EPIC Spotlight: Whitnee Boyd

Whitnee Boyd

“I look at this as marketing with a purpose.”

Whitnee Boyd, BSBA ’09

Student Development Specialist and Recruitment Coordinator
Student Support Services
University of Arkansas


Whitnee Boyd now has an office. It’s located in the office of Student Support Services here at the University of Arkansas. And she realizes that not long ago, she could have been a student sitting in the chair that’s in front of her desk.

Boyd works as a student development specialist and recruitment coordinator, but she says she often draws from her knowledge gained as an undergraduate at the Sam M. Walton College of Business. “My students kind of serve as my customers,” she says.

Boyd assists students with matriculating through the university and keeps them moving toward graduation. She also recruits students for Student Support Services and speaks to different groups and organizations. Still, the students leave the lasting impressions. “I think that’s the most rewarding part of the job: developing relationships with the students,” she says.

In turn, she tells them to build relationships with others. “Take advantage of the things you learn inside the classroom as well as outside the classroom,” she tells them.

Boyd, formerly of Pine Bluff, is experiencing her first year in the “real world” after earning her bachelor’s degree in marketing at the Walton College and a master’s degree in higher education at Louisiana State University in 2011. As a business student, Boyd worked for Walton College’s Center for Retail Excellence and became president of its student advisory board. She also had a summer sales and management internship with Bridgestone/Firestone at a store in Baton Rouge, La., when she was an undergraduate.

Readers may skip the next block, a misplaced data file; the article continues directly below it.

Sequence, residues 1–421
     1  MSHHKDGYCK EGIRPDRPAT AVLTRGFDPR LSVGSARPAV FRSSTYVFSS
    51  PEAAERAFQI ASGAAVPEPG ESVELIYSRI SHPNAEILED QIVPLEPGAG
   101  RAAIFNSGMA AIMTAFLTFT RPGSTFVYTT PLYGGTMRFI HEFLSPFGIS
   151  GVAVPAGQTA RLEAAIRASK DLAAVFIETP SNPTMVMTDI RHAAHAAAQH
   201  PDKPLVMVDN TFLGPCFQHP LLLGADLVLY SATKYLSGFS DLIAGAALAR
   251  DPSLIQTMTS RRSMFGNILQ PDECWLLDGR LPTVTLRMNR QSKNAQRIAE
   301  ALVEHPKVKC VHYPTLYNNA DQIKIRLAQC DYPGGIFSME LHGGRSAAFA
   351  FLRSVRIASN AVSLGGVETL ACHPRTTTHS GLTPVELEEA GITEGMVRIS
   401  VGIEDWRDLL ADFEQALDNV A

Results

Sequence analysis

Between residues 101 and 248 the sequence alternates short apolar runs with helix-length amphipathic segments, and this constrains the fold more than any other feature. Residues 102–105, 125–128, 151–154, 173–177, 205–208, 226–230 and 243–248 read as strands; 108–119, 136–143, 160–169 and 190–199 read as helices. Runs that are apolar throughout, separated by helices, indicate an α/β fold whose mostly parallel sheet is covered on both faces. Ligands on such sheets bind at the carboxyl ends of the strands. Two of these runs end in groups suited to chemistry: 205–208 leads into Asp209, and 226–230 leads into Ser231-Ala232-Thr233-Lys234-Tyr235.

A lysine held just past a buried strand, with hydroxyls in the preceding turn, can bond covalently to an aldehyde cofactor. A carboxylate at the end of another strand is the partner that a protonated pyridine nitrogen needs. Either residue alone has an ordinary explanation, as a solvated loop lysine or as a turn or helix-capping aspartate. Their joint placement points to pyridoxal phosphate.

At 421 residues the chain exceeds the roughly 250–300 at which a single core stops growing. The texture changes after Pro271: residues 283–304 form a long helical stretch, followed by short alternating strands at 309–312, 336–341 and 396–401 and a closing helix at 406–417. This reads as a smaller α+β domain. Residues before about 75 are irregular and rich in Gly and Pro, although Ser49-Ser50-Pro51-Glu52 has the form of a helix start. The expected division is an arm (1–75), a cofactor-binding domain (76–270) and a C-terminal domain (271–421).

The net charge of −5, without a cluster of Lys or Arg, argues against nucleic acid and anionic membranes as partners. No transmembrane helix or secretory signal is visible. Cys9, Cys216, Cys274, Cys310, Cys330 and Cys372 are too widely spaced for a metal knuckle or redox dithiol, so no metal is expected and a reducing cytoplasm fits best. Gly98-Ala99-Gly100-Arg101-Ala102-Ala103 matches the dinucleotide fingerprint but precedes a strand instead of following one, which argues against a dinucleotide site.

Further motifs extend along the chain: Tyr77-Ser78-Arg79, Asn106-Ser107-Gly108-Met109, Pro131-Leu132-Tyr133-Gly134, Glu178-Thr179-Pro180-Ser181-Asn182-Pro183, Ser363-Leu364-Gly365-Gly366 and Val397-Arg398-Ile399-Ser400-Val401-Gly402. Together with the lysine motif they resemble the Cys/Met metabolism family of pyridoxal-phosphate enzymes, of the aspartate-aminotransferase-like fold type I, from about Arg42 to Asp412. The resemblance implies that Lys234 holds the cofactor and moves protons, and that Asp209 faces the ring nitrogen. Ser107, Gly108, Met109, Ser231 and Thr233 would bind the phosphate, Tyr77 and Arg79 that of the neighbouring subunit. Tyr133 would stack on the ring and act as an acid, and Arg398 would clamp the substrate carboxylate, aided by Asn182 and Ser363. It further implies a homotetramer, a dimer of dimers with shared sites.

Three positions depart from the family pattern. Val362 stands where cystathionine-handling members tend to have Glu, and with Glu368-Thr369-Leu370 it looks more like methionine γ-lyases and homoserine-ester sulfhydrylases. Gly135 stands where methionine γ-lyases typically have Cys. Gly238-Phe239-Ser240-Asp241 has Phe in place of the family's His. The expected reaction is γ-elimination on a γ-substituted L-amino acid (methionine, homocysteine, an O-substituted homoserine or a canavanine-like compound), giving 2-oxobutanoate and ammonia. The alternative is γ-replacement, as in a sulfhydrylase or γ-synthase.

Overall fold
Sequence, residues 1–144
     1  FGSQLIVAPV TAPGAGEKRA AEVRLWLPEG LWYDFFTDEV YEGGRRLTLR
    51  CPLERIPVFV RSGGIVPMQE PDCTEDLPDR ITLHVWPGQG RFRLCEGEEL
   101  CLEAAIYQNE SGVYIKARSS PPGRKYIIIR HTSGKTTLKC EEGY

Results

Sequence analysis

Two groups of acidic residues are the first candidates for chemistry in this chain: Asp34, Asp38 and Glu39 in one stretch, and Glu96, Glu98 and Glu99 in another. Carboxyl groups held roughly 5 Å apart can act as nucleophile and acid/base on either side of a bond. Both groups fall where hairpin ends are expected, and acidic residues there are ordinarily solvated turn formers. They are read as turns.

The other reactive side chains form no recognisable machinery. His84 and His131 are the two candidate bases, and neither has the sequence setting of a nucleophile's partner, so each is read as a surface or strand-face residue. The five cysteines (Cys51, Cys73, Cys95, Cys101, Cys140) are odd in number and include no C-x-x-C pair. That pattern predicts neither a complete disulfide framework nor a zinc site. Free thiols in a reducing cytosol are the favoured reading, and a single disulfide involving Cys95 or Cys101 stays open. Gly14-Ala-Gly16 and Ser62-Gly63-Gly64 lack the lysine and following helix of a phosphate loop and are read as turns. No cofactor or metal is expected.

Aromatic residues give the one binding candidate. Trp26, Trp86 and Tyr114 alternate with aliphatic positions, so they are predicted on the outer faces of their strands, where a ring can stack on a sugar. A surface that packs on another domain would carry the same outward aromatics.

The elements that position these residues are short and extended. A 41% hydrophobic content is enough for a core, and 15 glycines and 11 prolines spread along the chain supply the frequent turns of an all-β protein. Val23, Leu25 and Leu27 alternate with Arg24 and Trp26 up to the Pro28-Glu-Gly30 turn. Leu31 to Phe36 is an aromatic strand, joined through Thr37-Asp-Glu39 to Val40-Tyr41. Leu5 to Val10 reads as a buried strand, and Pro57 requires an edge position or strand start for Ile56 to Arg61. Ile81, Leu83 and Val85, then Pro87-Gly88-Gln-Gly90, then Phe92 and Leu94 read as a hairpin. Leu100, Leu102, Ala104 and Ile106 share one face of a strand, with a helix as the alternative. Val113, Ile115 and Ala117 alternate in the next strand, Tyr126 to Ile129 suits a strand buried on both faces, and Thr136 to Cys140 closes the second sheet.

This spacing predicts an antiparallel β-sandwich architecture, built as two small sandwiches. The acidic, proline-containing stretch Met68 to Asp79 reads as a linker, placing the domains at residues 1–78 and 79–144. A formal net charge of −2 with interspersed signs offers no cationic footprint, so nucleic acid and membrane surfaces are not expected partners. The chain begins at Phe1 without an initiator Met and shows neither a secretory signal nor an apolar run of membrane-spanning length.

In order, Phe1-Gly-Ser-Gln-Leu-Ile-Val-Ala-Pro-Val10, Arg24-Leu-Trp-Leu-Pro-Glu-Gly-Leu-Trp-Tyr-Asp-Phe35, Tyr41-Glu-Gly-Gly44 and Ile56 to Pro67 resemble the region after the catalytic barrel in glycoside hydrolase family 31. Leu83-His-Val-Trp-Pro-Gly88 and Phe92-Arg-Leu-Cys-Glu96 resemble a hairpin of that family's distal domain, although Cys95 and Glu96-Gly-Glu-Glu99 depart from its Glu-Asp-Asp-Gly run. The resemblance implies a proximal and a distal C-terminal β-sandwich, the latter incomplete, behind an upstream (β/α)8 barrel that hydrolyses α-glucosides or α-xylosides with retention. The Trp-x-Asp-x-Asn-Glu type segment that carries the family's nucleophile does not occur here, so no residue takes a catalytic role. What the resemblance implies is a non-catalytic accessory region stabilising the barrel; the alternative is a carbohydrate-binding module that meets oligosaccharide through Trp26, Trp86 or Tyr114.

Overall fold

Boyd says she wanted to pursue a career in higher education that would allow her to use her marketing skills. She became a member of the National Association of Student Personnel Administrators Undergraduate Fellows Program, which provides mentors for undergraduate students wishing to learn more about fields in higher education and public affairs. Her duties as a Walton College Student Ambassador, where she gave prospective students tours of the business school, also provided early experiences in recruiting. Along the way, she became interested in student retention and how she could help students stay in school.

Boyd says her support system at the University of Arkansas, which included her sorority, Delta Sigma Theta, carried her to other areas. When she was elected to the University of Arkansas homecoming court in 2008, she was surprised to receive so much support. “I felt a lot of love from my Walton family,” she says.

While working toward her master’s degree in higher education, she says she found her business knowledge helpful; she was a teaching assistant in a business class offered at Louisiana State University. When she had earned her master’s degree, returning to the University of Arkansas was a natural fit for her, she says.

“I felt like I got a lot when I was here, and I felt like it was a chance to give back to the university,” she says.

Boyd does it through her marketing skills. She jokes that she promotes the program and builds customer relationships by using “The Four Ps of Marketing”: price, product, placement and promotion – something that was drilled into her as an undergraduate. She also gives “supply and demand” talks to her students. “I look at this as marketing with a purpose,” she says.